Network Scanning

Network Scan & Map

Network scanning is the process of gathering information about computing systems on a network. It is used mostly for assessing system security and performing maintenance, but can also be used by hackers to attack the network. Network scanning is usually the first step in active reconnaissance, where the attacker seeks to discover potentially vulnerable targets. It can include any of the following activities:

  • Host discovery
  • Port scanning
  • Packet crafting
  • Device enumeration
  • Vulnerability scanning

Discovery Scanning

A discovery scan is used to find live IP addresses on a network for the purpose of revealing potential targets. Traditionally, a discovery scan was a ping sweep, sending an ICMP ECHO REQUEST to every address in the specified range. Hosts that responded were then displayed. Because most modern hosts have software firewalls that disallow ICMP, Nmap discovery scans use other methods besides just ICMP to detect live hosts.

The following table summarizes common Nmap discovery scan types.

Nmap Discovery Scan SyntaxExampleDescription
-PRnmap -PR an ARP request to target to see if there is a response. ARPs are generally not blocked by firewalls. This is the default discovery method for any Nmap scan on an Ethernet LAN.
-snnmap -sn port scan. Discover only, using a combination of ICMP ECHO REQUEST, TCP SYN to port 443, TCP ACK to port 80, and an ICMP timestamp request.
-PS <portlist>nmap -PS135 hosts by sending a TCP SYN to specified port(s). Default is 80. Any response (SYN ACK or RST) indicates the target is up. There can be no space between -PS and the port list. Will be followed by a port scan unless -sn is also used.

This example uses the NSE script targets-sniffer.nse. It sniffs the network on the eth0 interface for 60 seconds, lists any new targets that it sniffs, then scans those targets.

Port Scanning

Port scanning is the process of determining which TCP and UDP ports the target is listening on. It is the first step in enumerating services that are running on the target. Port scanning can use any number of techniques. The most straightforward is to simply make a connection to the service on its listening port, using a standard TCP three-way handshake. Once the connection is made, the scanner sends a TCP RST (reset) to the server to kill the connection. The scanner logs the connection and moves on to the next port, attempting to connect to the next service. If the scanned port is UDP-based, then the scanner attempts to elicit a reaction from the listening service, which may or may not respond. UDP services are much more difficult to fingerprint, as UDP does not have a handshake process.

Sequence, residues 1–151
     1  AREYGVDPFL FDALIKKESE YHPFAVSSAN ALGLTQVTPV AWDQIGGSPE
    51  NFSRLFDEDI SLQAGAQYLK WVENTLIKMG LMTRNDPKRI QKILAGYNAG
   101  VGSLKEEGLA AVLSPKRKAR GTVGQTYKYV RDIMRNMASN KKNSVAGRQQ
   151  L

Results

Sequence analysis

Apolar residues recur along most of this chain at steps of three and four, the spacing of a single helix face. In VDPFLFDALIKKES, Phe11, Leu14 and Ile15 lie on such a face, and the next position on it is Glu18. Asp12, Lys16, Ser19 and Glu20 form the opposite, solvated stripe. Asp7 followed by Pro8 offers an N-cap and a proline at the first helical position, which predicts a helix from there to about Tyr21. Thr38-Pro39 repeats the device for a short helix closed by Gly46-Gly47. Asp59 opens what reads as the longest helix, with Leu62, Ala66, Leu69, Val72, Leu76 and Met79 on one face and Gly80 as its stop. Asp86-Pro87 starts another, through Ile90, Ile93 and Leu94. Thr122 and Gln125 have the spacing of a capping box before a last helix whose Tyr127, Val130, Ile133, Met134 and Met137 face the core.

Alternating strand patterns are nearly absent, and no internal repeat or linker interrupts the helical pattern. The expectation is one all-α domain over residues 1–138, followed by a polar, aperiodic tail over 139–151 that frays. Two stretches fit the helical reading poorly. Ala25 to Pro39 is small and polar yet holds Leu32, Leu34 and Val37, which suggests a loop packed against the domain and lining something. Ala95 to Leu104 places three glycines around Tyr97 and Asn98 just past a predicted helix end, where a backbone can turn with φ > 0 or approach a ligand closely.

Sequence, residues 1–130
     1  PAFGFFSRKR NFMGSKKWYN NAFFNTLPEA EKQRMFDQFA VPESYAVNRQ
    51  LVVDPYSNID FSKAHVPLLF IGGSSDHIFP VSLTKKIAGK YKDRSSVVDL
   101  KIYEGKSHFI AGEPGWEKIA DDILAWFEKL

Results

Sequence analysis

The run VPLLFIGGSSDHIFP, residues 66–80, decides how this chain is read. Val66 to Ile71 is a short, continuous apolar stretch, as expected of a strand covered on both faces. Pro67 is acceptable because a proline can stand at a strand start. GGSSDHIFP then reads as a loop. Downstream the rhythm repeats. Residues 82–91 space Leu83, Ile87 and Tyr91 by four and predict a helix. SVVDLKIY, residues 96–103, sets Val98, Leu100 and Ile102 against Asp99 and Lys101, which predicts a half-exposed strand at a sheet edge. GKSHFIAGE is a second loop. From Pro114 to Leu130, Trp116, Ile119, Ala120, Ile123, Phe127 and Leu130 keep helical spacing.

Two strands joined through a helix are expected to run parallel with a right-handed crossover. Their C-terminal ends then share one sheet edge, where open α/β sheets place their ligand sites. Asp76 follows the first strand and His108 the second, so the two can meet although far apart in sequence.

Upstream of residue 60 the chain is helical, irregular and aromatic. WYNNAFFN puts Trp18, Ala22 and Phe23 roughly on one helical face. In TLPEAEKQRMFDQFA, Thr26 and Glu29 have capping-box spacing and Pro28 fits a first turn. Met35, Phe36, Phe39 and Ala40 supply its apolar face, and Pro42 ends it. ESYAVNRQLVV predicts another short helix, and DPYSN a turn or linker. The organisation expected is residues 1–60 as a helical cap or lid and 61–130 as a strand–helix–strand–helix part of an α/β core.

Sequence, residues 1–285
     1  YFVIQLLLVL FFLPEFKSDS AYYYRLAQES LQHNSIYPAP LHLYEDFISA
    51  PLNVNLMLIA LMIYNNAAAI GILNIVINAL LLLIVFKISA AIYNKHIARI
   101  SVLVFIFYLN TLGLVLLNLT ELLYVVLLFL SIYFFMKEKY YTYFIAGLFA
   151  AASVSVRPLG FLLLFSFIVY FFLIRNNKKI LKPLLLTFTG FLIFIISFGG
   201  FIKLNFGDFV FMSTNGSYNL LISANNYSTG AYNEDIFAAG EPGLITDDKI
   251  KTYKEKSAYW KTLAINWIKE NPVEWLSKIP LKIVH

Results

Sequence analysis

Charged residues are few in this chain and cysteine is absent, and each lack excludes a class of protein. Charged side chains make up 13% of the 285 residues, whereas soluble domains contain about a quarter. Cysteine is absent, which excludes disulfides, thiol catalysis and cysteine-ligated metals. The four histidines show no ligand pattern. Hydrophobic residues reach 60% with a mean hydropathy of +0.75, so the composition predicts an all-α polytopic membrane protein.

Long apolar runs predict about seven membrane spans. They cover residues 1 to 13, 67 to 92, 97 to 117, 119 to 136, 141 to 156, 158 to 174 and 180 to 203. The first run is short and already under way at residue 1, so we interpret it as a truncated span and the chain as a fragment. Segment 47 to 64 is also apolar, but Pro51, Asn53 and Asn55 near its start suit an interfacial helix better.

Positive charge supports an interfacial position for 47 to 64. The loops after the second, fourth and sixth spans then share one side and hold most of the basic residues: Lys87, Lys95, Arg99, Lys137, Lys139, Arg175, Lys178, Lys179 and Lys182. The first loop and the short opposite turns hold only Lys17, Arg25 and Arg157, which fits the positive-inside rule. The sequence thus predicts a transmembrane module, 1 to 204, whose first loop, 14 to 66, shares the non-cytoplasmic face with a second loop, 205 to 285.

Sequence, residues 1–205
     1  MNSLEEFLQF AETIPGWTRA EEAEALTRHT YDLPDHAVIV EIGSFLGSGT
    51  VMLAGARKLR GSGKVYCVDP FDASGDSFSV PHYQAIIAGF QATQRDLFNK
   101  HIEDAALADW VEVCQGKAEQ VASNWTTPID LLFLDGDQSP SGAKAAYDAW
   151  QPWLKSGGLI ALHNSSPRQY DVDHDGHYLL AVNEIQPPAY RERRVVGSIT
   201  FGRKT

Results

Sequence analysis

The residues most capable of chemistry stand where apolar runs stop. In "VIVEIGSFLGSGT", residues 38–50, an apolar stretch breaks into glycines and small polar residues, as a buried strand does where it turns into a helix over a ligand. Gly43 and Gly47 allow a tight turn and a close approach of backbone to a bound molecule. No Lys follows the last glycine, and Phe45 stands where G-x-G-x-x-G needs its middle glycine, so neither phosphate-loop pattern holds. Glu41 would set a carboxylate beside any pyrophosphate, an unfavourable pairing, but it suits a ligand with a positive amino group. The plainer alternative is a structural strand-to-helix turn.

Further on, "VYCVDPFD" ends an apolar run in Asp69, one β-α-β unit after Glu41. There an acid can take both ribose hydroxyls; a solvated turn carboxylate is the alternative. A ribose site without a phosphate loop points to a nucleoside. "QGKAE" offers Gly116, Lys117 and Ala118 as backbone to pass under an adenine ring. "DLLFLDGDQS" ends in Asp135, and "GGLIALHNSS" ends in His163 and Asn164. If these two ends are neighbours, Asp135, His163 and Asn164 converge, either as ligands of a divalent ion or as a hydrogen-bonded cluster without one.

Port scanners can try every single port (1 through 65535) or a select subset of common ports. Most port scanners allow you to choose which ports you wish to scan. The results of a port scan can give insights into the type of computer you are connecting to, including its operating system and available services. Some ports are specific to a particular operating system. For example, TCP 135 is only seen on Microsoft computers, whereas TCP 111 is usually only seen on Linux/Unix (*nix) computers. (A notable exception is when a Windows server is running Services for Unix.) This is because they are used by their respective operating systems to map incoming client requests to the desired remote-procedure-call-based service. If you see either of these running on the other operating system, you are likely looking at a decoy. Most of the other ports can appear on either operating system if the proper service or application is installed.

The following table lists some common ports and their services.

Port Number (TCP unless otherwise specified)Service
21FTP commands
53 (can be TCP or UDP)DNS
111 (can be TCP or UDP)*nix portmapper
135Microsoft Remote Procedure Call (RPC)
139SMB (legacy)
161 (can be TCP or UDP, but only UDP is currently used)SNMP
162 (can be TCP or UDP, but only UDP is currently used)SNMP traps